Philosophies of Music History

By Warren Dwight Allen | Go to book overview

CONTENTS
PART I. HISTORY OF MUSIC HISTORIES
1. MUSICAL RESEARCH IN THE BAROQUE ERA3
The Lutheran Pioneers -- The Catholic Scholars -- The Three First Histories in German, Italian, and French
2. THE CONTROVERSIAL BACKGROUND29
The Divisions of Music -- Partials, Parts, and Harmony -- Divisions of the Octave -- The Divisions of Time -- The Divisions of Historical Time -- The Histories of Art Begin Earlier
3. RELIGIOUS, NATURALIST, AND ETHICAL TRADITIONS48
Biblical Periodization and Ethical Classification -- Was Music Revealed, Imitated, or Invented? -- Theories Concerning the Ethos of Music -- A Modern Reversal of Causal Theory
4. LEXICONS, DICTIONARIES, AND ENCYCLOPEDIAS62
The Dictionary and Its Uses, History or Criticism? -- Modern French Encyclopedists -- German Lexicons -- Dictionaries in English and Other Languages
5. EIGHTEENTH-CENTURY HISTORIES: THE ENLIGHTENMENT70
Modern Music Historiography Begins in England -- The Comparative Classification of Cultural Stages -- Progress and Poetry
6. THE ROMANTIC ERA (1800-1850)86
The Great-Man Theory --The Organic Hypothesis and Triune Theories -- Text- books for Conservatories -- A New Definition of Modern Music -- Miscellaneous English and French Contributions
7. REVOLUTIONISTS AND EVOLUTIONISTS104
A New Interest in the Present and Future: Prescriptions for Progress -- The Return to the Past -- Evolution from the Simple to the Complex -- Development from Savagery to Civilization -- Other General Histories
8. HISTORIES OF MUSIC SINCE 190028
Preliminary Survey of Literature in Current Use -- Music and the Other Arts --

-xxv-

Notes for this page

Add a new note
If you are trying to select text to create highlights or citations, remember that you must now click or tap on the first word, and then click or tap on the last word.
One moment ...
Default project is now your active project.
Project items

Items saved from this book

This book has been saved
Highlights (0)
Some of your highlights are legacy items.

Highlights saved before July 30, 2012 will not be displayed on their respective source pages.

You can easily re-create the highlights by opening the book page or article, selecting the text, and clicking “Highlight.”

Citations (0)
Some of your citations are legacy items.

Any citation created before July 30, 2012 will labeled as a “Cited page.” New citations will be saved as cited passages, pages or articles.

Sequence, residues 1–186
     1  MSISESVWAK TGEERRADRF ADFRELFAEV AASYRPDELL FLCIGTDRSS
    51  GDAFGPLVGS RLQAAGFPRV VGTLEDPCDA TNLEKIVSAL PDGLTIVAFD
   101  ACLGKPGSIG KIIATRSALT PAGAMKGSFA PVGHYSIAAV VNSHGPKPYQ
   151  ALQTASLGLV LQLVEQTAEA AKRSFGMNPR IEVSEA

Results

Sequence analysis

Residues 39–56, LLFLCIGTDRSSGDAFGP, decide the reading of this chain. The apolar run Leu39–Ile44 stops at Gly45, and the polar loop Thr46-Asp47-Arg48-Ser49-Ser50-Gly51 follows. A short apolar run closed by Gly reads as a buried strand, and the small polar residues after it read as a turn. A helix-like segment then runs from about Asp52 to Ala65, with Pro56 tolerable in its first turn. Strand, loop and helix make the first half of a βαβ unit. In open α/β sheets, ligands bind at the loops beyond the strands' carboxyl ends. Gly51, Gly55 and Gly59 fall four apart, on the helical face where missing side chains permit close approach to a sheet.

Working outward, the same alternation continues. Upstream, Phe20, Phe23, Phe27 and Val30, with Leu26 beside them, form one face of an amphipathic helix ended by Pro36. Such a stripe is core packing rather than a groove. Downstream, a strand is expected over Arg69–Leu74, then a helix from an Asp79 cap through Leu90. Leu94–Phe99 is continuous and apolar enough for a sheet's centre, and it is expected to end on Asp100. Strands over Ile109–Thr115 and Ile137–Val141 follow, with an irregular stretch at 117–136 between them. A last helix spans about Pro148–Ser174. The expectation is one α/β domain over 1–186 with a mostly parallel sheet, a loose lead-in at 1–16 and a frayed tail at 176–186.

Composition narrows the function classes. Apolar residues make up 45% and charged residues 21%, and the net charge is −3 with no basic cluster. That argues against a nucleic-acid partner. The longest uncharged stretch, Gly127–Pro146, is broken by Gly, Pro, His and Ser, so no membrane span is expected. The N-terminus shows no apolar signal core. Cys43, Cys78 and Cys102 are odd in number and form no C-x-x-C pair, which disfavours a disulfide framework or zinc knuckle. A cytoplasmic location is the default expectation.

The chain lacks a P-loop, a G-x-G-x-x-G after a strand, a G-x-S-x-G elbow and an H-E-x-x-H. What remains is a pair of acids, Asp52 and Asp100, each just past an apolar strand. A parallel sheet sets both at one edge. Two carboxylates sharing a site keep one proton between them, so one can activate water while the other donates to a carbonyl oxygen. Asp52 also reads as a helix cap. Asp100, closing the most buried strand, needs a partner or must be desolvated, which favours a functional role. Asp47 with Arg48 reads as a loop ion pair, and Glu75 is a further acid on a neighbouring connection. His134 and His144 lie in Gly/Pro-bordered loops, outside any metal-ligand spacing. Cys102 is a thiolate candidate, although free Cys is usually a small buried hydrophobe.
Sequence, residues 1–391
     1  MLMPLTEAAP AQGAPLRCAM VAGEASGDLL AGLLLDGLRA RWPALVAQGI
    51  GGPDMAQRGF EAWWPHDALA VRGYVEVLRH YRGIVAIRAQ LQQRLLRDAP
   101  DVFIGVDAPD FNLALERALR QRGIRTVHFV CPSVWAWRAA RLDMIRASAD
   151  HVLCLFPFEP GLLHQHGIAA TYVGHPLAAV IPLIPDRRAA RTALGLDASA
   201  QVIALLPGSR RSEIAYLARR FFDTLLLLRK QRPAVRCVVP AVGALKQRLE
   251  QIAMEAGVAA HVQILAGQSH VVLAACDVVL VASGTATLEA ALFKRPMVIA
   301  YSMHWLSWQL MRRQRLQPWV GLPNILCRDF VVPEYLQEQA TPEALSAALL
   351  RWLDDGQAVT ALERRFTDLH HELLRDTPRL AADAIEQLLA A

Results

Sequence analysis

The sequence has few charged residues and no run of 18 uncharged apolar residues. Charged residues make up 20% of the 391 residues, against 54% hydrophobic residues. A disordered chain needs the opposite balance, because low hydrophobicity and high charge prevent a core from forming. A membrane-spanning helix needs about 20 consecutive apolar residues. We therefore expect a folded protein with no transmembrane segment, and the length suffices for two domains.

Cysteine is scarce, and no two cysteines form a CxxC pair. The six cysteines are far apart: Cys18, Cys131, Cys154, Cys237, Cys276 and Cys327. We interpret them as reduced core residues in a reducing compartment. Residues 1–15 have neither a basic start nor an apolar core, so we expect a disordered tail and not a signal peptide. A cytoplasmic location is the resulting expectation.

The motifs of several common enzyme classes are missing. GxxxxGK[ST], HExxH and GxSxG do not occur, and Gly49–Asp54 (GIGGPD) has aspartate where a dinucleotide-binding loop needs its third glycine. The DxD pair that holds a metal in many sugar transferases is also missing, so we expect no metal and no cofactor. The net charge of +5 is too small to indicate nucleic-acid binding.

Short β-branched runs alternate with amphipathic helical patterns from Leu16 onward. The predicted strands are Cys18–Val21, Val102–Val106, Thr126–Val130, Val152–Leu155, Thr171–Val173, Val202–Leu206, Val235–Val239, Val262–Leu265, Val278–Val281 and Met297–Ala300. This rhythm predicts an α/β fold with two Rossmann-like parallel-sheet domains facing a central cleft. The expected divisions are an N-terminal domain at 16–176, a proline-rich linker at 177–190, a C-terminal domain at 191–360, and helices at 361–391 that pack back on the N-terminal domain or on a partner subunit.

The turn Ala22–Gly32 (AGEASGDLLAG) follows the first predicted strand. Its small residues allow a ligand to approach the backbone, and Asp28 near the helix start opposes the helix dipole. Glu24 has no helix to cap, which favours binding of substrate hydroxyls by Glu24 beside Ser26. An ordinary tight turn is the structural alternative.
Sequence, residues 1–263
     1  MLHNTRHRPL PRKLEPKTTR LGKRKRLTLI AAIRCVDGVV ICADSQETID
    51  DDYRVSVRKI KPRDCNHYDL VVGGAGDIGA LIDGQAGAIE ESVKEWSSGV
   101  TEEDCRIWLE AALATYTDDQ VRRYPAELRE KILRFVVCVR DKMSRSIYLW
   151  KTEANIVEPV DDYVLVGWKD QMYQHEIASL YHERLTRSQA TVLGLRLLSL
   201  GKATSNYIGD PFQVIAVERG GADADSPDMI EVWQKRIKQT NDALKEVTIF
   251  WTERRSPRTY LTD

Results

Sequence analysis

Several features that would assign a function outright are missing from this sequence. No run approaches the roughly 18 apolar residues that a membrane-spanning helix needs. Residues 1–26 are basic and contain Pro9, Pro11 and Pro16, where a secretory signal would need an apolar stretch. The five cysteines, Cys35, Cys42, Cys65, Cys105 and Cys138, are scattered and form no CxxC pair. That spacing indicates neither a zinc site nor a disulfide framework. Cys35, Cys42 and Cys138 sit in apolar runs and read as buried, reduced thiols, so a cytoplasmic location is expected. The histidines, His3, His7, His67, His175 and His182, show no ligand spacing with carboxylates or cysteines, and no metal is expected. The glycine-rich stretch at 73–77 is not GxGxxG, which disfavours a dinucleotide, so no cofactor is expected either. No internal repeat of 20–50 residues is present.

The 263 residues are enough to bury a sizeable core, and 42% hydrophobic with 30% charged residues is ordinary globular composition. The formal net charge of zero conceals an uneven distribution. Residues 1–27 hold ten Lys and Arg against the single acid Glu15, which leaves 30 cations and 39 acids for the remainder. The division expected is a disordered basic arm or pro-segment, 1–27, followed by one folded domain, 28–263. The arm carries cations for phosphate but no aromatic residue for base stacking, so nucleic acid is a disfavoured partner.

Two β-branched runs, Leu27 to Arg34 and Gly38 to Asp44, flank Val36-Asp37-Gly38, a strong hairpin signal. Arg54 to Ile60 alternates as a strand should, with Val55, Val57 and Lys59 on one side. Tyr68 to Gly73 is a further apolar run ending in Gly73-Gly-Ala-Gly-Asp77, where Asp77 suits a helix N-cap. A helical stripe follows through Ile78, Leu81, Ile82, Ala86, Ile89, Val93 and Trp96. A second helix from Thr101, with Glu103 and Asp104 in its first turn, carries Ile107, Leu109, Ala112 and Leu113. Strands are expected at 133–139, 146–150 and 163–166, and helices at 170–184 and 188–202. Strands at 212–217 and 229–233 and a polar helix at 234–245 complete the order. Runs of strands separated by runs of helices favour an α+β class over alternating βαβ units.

We also added the ability to view new citations from your projects or the book or article where you created them.

Notes (0)
Bookmarks (0)

You have no saved items from this book

Project items include:
  • Saved book/article
  • Highlights
  • Quotes/citations
  • Notes
  • Bookmarks
Notes
Cite this page

Cited page

Style
Citations are available only to our active members.
Buy instant access to cite pages or passages in MLA, APA and Chicago citation styles.

(Einhorn, 1992, p. 25)

(Einhorn 25)

1. Lois J. Einhorn, Abraham Lincoln, the Orator: Penetrating the Lincoln Legend (Westport, CT: Greenwood Press, 1992), 25, http://www.questia.com/read/27419298.

Cited page

Bookmark this page
Philosophies of Music History
Table of contents

Table of contents

Settings

Settings

Typeface
Text size Smaller Larger Reset View mode
Search within

Search within this book

Look up

Look up a word

  • Dictionary
  • Thesaurus
Please submit a word or phrase above.
Print this page

Print this page

Why can't I print more than one page at a time?

Help
Full screen
/ 384

matching results for page

    Questia reader help

    How to highlight and cite specific passages

    1. Click or tap the first word you want to select.
    2. Click or tap the last word you want to select, and you’ll see everything in between get selected.
    3. You’ll then get a menu of options like creating a highlight or a citation from that passage of text.

    OK, got it!

    Cited passage

    Style
    Citations are available only to our active members.
    Buy instant access to cite pages or passages in MLA, APA and Chicago citation styles.

    "Portraying himself as an honest, ordinary person helped Lincoln identify with his audiences." (Einhorn, 1992, p. 25).

    "Portraying himself as an honest, ordinary person helped Lincoln identify with his audiences." (Einhorn 25)

    "Portraying himself as an honest, ordinary person helped Lincoln identify with his audiences."1

    1. Lois J. Einhorn, Abraham Lincoln, the Orator: Penetrating the Lincoln Legend (Westport, CT: Greenwood Press, 1992), 25, http://www.questia.com/read/27419298.

    Cited passage

    Thanks for trying Questia!

    Please continue trying out our research tools, but please note, full functionality is available only to our active members.

    Your work will be lost once you leave this Web page.

    Buy instant access to save your work.

    Already a member? Log in now.

    Author Advanced search

    Oops!

    An unknown error has occurred. Please click the button below to reload the page. If the problem persists, please try again in a little while.